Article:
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24 Cards in this Set

  • Front
  • Back
Define virulence.
degree of severity of disease
Define monocyclic disease cycle.
has only the primary infection, i.e. Sclerotinia sclerotiorum
Define polycyclic disease cycle.
has a primary and secondary infection, increases spread, i.e. Phytophthora infestans
Define appressorium.
swollen, flattened portion of a fungal filament that adheres to the surface of a higher plant, providing anchorage for invasion by a fungus
Name some mechanical forces for infection for fungi, bacteria, viruses, and nematodes.
fungi--appressorium and penetration peg
bacteria and viruses-- vectors
nematodes-- stylets
Name some chemical weapons of pathogens.
enzymes (soft rots, wilts), toxins (Bipolaris), growth regulators (crown gall, clubroot), polysaccharides (bacteria)
What is tabtoxin?
a nonhost specific microbial toxin
What happened during the southern corn leaf blight epidemic?
There was a monoculture of hybrid plant with sterile male cytoplasm susceptible to the disease, which produced T toxin that inhibited ATP synthesis
What are examples of growth regulators?
auxins, gibberellins, cytokinins, ethylene
What is inoculum density?
a measure of the number of propagules of a pathogenic organism per unit area or volume
What is a propagule?
any part of an organism capable of independent growth
How can fungi, bacteria, and viruses survive?
Fungi--on or in soil, on plants, on or in seed, and on or in vegetative propagative organs through resting structures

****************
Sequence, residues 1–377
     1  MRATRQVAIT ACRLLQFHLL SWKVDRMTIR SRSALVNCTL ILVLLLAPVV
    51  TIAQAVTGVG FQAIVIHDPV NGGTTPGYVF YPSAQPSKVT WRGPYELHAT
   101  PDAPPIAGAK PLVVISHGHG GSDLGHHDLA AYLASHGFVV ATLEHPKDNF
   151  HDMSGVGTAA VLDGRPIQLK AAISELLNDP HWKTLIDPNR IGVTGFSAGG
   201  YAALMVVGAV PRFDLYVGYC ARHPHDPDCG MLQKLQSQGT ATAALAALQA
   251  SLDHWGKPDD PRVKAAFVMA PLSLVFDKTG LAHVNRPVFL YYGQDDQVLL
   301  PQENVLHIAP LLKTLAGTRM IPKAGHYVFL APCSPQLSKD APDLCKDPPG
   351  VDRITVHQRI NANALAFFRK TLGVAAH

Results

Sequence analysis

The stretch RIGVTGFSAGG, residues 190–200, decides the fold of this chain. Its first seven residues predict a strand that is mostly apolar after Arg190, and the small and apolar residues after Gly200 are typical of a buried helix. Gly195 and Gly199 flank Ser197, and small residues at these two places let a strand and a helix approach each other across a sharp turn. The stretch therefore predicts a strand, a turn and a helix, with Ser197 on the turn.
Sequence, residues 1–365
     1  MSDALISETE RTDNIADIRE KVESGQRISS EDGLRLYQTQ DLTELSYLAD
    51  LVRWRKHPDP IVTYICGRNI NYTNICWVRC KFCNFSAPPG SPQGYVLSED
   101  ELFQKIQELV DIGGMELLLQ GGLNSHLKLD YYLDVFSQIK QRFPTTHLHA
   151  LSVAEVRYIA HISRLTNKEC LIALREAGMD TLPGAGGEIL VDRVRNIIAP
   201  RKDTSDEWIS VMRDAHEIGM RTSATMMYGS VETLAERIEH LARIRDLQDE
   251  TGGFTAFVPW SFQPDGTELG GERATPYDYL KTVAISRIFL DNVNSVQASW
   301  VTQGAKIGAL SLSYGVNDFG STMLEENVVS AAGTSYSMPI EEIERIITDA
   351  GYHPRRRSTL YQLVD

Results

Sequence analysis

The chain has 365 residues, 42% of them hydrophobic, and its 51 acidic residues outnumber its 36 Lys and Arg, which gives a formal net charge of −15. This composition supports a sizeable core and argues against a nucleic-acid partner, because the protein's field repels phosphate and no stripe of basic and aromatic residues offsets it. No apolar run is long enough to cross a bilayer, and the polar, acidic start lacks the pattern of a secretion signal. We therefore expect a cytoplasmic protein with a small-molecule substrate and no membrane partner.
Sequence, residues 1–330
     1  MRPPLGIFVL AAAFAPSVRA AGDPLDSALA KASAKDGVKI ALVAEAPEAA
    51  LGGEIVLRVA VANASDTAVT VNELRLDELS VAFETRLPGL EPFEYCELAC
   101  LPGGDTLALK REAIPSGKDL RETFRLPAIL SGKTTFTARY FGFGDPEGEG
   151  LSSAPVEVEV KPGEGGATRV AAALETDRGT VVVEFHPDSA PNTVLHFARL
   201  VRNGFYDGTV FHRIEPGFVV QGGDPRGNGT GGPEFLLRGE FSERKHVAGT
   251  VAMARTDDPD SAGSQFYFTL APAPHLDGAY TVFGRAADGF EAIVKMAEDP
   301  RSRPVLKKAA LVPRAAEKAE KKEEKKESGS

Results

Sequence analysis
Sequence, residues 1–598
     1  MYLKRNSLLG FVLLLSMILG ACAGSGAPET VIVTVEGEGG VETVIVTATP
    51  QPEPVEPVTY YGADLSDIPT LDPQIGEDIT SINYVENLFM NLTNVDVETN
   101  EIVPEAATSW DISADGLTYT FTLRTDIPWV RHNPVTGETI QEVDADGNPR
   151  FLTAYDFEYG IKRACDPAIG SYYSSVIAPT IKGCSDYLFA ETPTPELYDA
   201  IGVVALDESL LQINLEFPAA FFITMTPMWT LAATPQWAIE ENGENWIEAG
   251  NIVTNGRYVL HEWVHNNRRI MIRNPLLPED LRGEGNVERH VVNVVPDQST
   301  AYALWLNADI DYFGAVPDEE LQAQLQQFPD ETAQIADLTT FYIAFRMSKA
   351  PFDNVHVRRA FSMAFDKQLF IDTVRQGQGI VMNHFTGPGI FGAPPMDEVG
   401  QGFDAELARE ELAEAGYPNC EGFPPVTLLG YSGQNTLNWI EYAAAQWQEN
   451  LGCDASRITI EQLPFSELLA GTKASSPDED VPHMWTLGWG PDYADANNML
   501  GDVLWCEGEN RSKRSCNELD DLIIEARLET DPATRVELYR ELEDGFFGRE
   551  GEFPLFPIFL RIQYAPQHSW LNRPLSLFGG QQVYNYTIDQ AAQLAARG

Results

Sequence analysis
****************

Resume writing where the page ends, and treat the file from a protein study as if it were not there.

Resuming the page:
Bacteria-- same as above but no resting structures
Viruses-- on or in insects
How do plant pathogens disseminate?
wind, rain, insects, irrigation or flooding, contaminated seeds, infected transplants, animals, boots, pruning shears
Compare primary inoculum and secondary inoculum.
primary inoculum-- inoculum, usually from an overwintering source, that initiates disease in the field, as opposed to inoculum that spreads disease during the season (secondary inoculum)
How does direct penetration take place using an appresorium?
melanin accumulates in the appressorial cell wall and turgor pressure builds up
What are the 3 forms of ingress?
direct penetration, wounds, natural openings
What important enzymes are there in pathogen attack?
pectinase (breaks down polysaccharides), cutinase (breaks down fatty acids)
What are constitutive and induced enzymes?
constitutive means its present in cells at all times and induced means its produced by cell in response to internal or external activators
How are cellulose, lignin, starch and lipids attack by pathogens?
through enzymes
C/C nonhost specific and host specific toxins.
Nonhost specific toxins produce all or part of the disease syndrome not only on host plant, but also on other pecies not normally attacked; increase the severity of disease by increasing the virulence of the pathogen.
Host specific toxins is a substance produced by a pathogen only toxic to the hosts of that pathogen and has no toxicity against nonsusceptible plants; most of these toxins must be present for the microorganism to be able to cause disease
What is auxins, what does it cause and what are 2 examples of disease?
growth regulators, causes hypertrophy and hyperplasia, examples: clubroot, root knot nematodes
What is tabtoxin?
a nonhost specific toxin that inactivates the enzyme glutamine synthetase; the molecule itself is not toxic
What is an example of a nonhost specific toxin and the pathogen that produces it?
oxalic acid-- Sclerotinia spp.
What is an example that uses the nonhost specific toxin, pyricularian?
Magnaporthe grisea (rice blast)